In the documentary Rolling Stone: The Life and Death of Brian Jones, it’s alleged that biologists have looked at the data on Jones’ death record. They concluded that immediate stresses on tissue and the heart indicated that Jones knew he was being murdered.

Secondly: It’s difficult to pin down the exact number of people at the scene. Most reports say only three other people were there: Jones’ girlfriend, Anna Wohlin, Janet Lawson, and Frank Thorogood. However, there are unofficial reports that place construction crew members, Tom Keylock, and Jones’ ex-girlfriend, Suki Poitier, there as well.

Lastly: The police and society at large seemed hellbent on using Jones as a poster boy for what happened when you followed the counterculture lifestyle and didn’t fly the straight and narrow path. If drugs and/or heavy drinking could be blamed at the time, they would be.

Developments In The Case In The Ensuing Decades

Pop Weekly Cover

bradford_timeline/FlickrBrian Jones on the cover of Pop Weekly in 1964.

Police have opened and closed the investigation into Brian Jones’ death three times — in 1984, 1994 and 2009. New evidence included the connection between Frank Thorogood and the near-fatal beating of his mistress who might have tried talking to Sussex police, according to LA Weekly.

It also likely took into account a statement by Anna Wohlin, who was told to go back to her native Sweden by Rolling Stones management right after Brian’s death. “I don’t know if Frank meant to kill Brian”, she said. “Maybe it was horseplay in the pool that went wrong. But I knew all along he did not die a natural death. I’m still sure of it”.

Keylock later came out to admit he was at Cotchford that night. He says he was told by his brother Frank Keylock – a senior officer at Scotland Yard – that Jones’ death was ordered to be a cover-up job because local police made so many mistakes.

This could explain how the absence of chlorinated water in Brian Jones’ lungs was swept under the rug.

“I think the police wanted to make a manslaughter charge, but they were told to forget it. The only one who could possibly have been charged was Frank Thorogood, because he was the only one in the pool. But the police said ‘Just forget it’. The orders came from the very top not to pursue it anymore, and it never was pursued after that”, Keylock said.

He also revealed that Frank Thorogood reportedly actually confessed to killing Jones on his deathbed in November 1993, telling Keylock, “It was me that did Brian. I just finally snapped.”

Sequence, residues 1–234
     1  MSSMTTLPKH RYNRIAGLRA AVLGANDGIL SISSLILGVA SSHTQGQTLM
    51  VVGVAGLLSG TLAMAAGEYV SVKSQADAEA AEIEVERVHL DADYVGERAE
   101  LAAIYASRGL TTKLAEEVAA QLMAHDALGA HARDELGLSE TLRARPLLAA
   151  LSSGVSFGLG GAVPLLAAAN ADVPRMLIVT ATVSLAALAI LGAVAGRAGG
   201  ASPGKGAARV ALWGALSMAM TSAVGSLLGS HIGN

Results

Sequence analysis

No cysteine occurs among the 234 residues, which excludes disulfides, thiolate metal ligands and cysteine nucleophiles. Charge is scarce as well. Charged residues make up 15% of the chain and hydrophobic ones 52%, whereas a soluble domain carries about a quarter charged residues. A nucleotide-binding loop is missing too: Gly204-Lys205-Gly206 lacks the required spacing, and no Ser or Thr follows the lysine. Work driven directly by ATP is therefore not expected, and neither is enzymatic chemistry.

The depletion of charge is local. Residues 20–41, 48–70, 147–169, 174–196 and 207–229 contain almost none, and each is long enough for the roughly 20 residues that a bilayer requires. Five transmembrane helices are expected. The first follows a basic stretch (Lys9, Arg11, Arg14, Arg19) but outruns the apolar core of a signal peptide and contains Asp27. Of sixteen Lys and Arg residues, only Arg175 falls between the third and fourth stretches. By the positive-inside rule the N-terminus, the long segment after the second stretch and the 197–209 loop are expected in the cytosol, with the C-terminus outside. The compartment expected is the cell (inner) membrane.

However, it’s also been reported that Keylock denied the confession story. Keylock was also accused of burning important papers at Cotchford, and ended up with many of Jones’ possessions, including his Rolls-Royce.

Lingering Questions About Brian Jones’ Death

Brian Jones And Nico

Fotos International/Getty Images Brian Jones and singer/actress Nico at the Monterey Pop Festival in 1967.

Today, all the main players in the case are dead. Nobody who was there is able to answer any more questions. Tom Keylock died 40 years to the day after Brian Jones — on July 2, 2009.

So we’ll likely never get answers on some remaining questions surrounding Brian Jones’ death. Like how Frank Thorogood injured his wrist badly enough on July 2 that he needed medical attention. Or, why Tom Keylock was never even formally questioned by police.

Jones’ need to escape from Sgt. Pilcher’s constant harassment in London played a big part of his relocation to East Sussex. Ironically, there’s a twist in the ending to that drama.

The courts convicted Pilcher himself on charges of conspiracy to pervert the cause of justice in 1972 and sentenced him to four years in prison. Now at age 84, he insists he is innocent – and that the higher-ups on the squad were the corrupt ones, as reported by VICE.

Pilcher’s thoughts on drug laws now are pretty surprising; he believes everything should be legalized and regulated.

As for his thoughts during the 1960s, he says, “We didn’t care about pop musicians smoking cannabis – we wanted to go after the dealers selling the stuff … “But people from the Home Office came down and said, ‘These famous stars taking drugs are setting a bad example for the kids, and we want you to go after them.’ So, orders are orders – and that’s what we did”.

Now that you’ve read about Brian Jones’ death, take a deeper dive into the death of guitarist virtuoso Jimi Hendrix. Then learn the full story behind the death of Jim Morrison.